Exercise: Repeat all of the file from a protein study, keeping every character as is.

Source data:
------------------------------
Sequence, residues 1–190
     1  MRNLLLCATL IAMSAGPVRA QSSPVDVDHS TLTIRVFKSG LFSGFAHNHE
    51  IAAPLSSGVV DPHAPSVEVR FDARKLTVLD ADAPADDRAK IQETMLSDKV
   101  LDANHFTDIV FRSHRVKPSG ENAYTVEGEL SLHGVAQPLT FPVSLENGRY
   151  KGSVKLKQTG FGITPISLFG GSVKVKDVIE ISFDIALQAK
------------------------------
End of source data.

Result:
Sequence, residues 1–190
     1  MRNLLLCATL IAMSAGPVRA QSSPVDVDHS TLTIRVFKSG LFSGFAHNHE
    51  IAAPLSSGVV DPHAPSVEVR FDARKLTVLD ADAPADDRAK IQETMLSDKV
   101  LDANHFTDIV FRSHRVKPSG ENAYTVEGEL SLHGVAQPLT FPVSLENGRY
   151  KGSVKLKQTG FGITPISLFG GSVKVKDVIE ISFDIALQAK